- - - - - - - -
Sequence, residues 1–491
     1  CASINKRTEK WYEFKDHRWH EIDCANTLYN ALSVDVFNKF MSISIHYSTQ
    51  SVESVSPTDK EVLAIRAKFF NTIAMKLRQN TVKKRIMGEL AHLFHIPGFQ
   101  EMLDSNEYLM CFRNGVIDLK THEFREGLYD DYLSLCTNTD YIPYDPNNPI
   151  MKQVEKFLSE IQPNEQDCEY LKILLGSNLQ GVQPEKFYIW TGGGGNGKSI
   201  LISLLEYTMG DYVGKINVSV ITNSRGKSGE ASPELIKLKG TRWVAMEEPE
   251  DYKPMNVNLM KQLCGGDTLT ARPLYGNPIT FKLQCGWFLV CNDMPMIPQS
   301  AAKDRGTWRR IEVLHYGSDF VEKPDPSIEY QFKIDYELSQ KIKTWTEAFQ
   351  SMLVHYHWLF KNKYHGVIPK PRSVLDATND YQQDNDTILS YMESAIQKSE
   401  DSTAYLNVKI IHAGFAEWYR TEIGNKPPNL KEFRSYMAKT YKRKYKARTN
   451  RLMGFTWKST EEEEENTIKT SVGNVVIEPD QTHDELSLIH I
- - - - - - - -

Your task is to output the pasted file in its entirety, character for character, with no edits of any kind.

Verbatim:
Sequence, residues 1–491
     1  CASINKRTEK WYEFKDHRWH EIDCANTLYN ALSVDVFNKF MSISIHYSTQ
    51  SVESVSPTDK EVLAIRAKFF NTIAMKLRQN TVKKRIMGEL AHLFHIPGFQ
   101  EMLDSNEYLM CFRNGVIDLK THEFREGLYD DYLSLCTNTD YIPYDPNNPI
   151  MKQVEKFLSE IQPNEQDCEY LKILLGSNLQ GVQPEKFYIW TGGGGNGKSI
   201  LISLLEYTMG DYVGKINVSV ITNSRGKSGE ASPELIKLKG TRWVAMEEPE
   251  DYKPMNVNLM KQLCGGDTLT ARPLYGNPIT FKLQCGWFLV CNDMPMIPQS
   301  AAKDRGTWRR IEVLHYGSDF VEKPDPSIEY QFKIDYELSQ KIKTWTEAFQ
   351  SMLVHYHWLF KNKYHGVIPK PRSVLDATND YQQDNDTILS YMESAIQKSE
   401  DSTAYLNVKI IHAGFAEWYR TEIGNKPPNL KEFRSYMAKT YKRKYKARTN
   451  RLMGFTWKST EEEEENTIKT SVGNVVIEPD QTHDELSLIH I